Investors should be careful not to let seemingly positive data mask the risks that are arising from the extension of the cycle, whose negative impact may take time to be reflected in the price of assets. Even if the commercial disputes are resolved, it would be a short-term agreement. Deglobalization is a long-term issue.

In any case, the current situation may worsen before seeing signs of improvement. A market reaction and an impact on growth may be needed before either side recapitulates. In Investec AM consider that this is a sufficient reason to add a stronger defense positioning in the portfolios.

In Investec AM they are defensive by nature and believe that they have already added fortifications to their portfolios, but remain cautiously optimistic and, in their opinion, the uncertainty is creating inconsistency in prices.

For example, they believe that now that the Fed has shifted its direction from a tightening of its monetary policy “no matter what” to a policy that focuses much more on data turns and financial conditions, the bonds could revert to be much more negatively correlated with the variable income (something that stopped being during the past year).

This makes the bonds a more useful diversifier within the portfolios. Therefore, in Investec AM believe that greater exposure to equities could be offset by adding duration in markets where profitability is relatively attractive and where interest rates could be cut in the future (for example, interest rates). of Treasury interest).

Options remain attractive in price, implying that investors see little risk of incurring negative scenarios in the future, contrary to what the options are basically indicating.

Cheap coverage means that it can be effective at the cost level to use options to participate in the rise of the market (if any), while protecting the portfolio against possible falls. Currently, an investor can build a reasonable case that stocks could earn 20% in a year or that they can lose between 35% and 40%; the options are a good alternative to circumvent those uncertain scenarios with a relatively low cost.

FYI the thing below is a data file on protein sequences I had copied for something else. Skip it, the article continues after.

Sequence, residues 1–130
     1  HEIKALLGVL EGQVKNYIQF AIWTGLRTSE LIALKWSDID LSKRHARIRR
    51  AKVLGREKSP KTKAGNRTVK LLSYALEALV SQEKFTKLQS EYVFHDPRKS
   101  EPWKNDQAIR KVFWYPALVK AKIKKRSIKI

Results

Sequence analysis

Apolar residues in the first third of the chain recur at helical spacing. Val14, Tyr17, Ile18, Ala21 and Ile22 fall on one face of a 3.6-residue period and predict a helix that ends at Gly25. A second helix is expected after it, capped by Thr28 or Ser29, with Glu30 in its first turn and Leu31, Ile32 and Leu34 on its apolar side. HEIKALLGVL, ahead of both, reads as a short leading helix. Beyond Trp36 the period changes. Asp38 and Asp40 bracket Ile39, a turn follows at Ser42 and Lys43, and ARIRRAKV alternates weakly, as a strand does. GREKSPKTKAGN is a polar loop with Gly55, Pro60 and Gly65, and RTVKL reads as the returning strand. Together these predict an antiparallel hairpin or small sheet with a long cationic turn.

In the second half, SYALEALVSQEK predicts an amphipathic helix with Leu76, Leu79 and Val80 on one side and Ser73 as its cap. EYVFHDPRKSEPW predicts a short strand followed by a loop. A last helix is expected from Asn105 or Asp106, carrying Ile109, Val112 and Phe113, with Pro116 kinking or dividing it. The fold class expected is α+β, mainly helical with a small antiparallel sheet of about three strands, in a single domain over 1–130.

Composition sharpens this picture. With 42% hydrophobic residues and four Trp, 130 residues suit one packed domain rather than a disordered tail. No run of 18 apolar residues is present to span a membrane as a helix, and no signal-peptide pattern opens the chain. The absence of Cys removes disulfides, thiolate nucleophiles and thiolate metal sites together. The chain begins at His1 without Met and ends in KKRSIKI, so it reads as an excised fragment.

Again, let’s not forget that it’s too late in the cycle. Historically, equity markets tend to peak between 6 and 9 months before a recession.
Even if a recession is not imminent, it is prudent to manage a portfolio to support a variety of risk events with the potential that it can influence over the next year.

In Investec Asset Management they put their strategy to the test recently, specifically in the month of May, when shares fell by -6.2%, which was the fifteenth year with the worst performance in equities in the last 15 years (October and December they were the thirteenth and the eleventh worst month for variable income respectively)

(1). During these conditions, the defense that has been added to the portfolios has proved to be a clever investment, since this fall was avoided and the market was overcome with some margin. Similarly, during the first period of risk reduction in the last quarter of 2018, Investec AM reduced the sensitivity of the portfolio to tougher market conditions and reduced exposure to the euphoria of the beginning of the year.

Uncertainty remains high as 2019 advances. At Investec AM, they continue to actively manage risk within the portfolio, focusing on the best ideas at the level of securities, in order to capture the opportunities that the market continues to present.

Given the portfolio’s risk and return objectives, the managers of the Investec Global Multi-Asset Income strategy believe that their overall combination of exposure is well diversified based on the sensitivity to the business cycle, so everything should not go up or go down at the same time; exposure to known risks, such as the uncertainty surrounding the trade war between the United States and China, is limited; and they are actively managing the risk behavior of the portfolio to changing market conditions. The clock of the market cycle continues to advance.

At Investec AM they intend to remain vigilant, even if everything else continues to change.

Source:
https://www.fundssociety.com/es/noticias/mercados/ITEC19-el-reloj-economico-avanza